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February 7, 2022

Cryptojacking: How the crypto boom is driving malware infections

Cryptomining malware grew 300% last year, enriching criminals and alerting them to undefended networks.

By Claudia Glover

As the value of cryptocurrencies soared last year, so too did cryptojacking, in which criminals use hacked computers to mine for new crypto coins. Although not as damaging as some other forms of malware, cryptominers can degrade a device’s performance and, if undetected, can alert criminals to an insecure network.

cryptojacking


An uptick in cryptojacking last year, which coincided with growing crypto prices, “is probably just a matter of economics”. (Image by shevtsovy / iStock)

What is cryptojacking?

Cryptojacking is a type of cybercrime in which a hacked computer is used to mine for cryptocurrency.

Many cryptocurrencies, including Bitcoin, allow anyone to mint new coins by performing compute-intensive cryptographic calculations, a process known as ‘mining’.

This has led enterprising criminals to develop and distribute cryptomining malware which, when loaded onto a compromised device, mines for new coins. “You’re hijacking someone else’s machine, their processing power, the battery life and their memory to mine cryptocurrency,” explains Daniel Almendros, cyber threat intelligence analyst at Digital Shadows.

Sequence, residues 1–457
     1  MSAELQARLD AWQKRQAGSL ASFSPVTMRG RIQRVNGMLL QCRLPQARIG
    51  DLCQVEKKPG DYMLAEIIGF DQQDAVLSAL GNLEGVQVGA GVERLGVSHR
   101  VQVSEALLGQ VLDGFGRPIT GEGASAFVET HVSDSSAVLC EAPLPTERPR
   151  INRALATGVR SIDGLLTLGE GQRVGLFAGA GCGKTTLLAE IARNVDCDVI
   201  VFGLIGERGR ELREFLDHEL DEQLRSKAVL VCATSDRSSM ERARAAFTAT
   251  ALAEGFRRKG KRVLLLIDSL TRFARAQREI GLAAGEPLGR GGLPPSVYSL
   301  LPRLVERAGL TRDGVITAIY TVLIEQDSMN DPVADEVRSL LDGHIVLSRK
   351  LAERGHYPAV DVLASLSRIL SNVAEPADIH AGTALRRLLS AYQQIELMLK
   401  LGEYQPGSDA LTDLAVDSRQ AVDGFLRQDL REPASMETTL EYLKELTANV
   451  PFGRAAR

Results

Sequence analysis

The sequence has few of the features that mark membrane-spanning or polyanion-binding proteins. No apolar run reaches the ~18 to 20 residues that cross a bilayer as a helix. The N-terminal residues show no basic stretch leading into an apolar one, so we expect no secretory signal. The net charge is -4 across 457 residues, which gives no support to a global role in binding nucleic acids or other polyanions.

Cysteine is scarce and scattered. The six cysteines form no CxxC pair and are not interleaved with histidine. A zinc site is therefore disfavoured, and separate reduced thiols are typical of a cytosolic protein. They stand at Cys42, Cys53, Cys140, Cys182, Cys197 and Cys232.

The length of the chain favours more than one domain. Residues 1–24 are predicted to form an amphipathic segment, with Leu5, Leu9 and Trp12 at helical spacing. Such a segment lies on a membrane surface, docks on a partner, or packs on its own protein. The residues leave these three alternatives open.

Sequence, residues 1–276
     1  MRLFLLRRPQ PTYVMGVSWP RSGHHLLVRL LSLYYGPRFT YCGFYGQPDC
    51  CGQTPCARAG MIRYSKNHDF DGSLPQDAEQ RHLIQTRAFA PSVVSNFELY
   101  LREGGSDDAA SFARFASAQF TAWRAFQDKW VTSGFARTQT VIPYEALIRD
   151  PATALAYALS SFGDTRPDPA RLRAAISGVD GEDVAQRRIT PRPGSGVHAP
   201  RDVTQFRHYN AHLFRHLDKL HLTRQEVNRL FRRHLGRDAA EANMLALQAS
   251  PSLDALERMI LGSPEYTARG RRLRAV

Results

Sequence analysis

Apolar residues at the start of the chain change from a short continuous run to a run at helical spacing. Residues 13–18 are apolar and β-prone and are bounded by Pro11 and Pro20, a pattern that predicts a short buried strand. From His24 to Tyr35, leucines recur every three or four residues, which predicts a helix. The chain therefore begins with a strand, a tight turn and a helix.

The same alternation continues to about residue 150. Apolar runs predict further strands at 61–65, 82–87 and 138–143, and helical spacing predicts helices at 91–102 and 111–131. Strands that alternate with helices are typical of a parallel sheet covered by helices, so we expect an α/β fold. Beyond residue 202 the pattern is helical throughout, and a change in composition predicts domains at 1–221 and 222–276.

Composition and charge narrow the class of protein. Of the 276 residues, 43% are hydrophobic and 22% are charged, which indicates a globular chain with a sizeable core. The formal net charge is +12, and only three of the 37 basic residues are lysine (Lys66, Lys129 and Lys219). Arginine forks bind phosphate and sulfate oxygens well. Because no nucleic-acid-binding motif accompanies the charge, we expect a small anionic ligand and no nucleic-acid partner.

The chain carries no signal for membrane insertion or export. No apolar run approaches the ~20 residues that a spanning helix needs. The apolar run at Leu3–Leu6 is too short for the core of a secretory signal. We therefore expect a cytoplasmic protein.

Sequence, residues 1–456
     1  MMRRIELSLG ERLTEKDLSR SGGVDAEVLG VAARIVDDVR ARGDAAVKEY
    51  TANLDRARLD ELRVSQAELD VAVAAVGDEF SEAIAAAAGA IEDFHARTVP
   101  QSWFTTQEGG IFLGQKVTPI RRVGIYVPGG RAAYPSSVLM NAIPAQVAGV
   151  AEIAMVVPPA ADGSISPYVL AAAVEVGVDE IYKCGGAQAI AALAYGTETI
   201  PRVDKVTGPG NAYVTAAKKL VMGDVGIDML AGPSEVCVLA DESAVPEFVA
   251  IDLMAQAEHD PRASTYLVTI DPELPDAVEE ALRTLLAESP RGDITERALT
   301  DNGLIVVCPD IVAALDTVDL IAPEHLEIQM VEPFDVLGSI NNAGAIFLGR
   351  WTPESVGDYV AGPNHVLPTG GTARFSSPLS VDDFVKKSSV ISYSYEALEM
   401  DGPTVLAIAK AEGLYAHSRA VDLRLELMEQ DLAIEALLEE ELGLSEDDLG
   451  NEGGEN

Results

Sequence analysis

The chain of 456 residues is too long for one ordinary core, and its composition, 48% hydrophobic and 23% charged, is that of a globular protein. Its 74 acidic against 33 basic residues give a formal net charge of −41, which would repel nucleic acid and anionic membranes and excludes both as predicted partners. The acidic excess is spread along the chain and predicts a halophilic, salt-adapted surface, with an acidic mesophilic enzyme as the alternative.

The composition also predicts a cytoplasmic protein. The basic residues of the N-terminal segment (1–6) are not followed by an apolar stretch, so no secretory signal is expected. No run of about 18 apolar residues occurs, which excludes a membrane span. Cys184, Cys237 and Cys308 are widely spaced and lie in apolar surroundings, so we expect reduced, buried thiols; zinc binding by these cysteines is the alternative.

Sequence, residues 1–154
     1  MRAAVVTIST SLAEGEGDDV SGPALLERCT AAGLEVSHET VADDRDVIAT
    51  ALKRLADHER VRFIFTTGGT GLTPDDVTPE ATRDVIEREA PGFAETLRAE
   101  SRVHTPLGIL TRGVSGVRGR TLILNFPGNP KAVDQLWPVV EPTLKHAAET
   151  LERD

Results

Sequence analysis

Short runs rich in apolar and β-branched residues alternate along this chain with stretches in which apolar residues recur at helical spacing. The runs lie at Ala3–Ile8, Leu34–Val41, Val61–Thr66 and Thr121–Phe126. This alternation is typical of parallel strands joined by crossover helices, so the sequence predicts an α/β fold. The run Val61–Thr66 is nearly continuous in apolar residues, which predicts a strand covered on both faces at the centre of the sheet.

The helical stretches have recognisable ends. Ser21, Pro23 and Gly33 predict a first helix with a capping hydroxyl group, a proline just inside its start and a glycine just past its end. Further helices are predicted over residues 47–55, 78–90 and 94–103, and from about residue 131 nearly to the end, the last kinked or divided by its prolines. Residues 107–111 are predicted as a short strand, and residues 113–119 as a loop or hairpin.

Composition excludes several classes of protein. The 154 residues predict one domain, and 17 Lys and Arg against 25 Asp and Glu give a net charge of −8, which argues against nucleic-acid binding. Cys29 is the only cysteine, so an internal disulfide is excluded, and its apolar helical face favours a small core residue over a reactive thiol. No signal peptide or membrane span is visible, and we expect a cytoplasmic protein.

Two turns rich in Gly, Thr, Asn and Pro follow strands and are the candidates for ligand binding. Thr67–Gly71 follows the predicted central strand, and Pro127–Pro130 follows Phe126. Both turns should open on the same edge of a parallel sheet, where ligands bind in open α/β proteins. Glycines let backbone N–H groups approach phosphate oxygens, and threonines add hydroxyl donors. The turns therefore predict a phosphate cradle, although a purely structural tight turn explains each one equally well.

Various methods for measuring cryptojacking reveal an upward trend. Network security provider SonicWall detected 51.1 million ‘attacks’ in the first half of 2021, a 23% increase compared to the same period of 2020. Anti-malware software provider Malwarebytes, meanwhile, detected a 300% increase in cryptomining malware last year.

One reason for this uptick is the growing value of cryptocurrencies, says Dmitriy Ayrapetov, SonicWall’s VP of platform architecture, which makes cryptojacking more lucrative. The combined value of all cryptocurrencies grew by 185% in 2021, according to the World Economic Forum, although bitcoin has slumped since the start of this year. Malwarebytes's Mark Stockley agrees: the uptick, he says, "is probably just a matter of economics".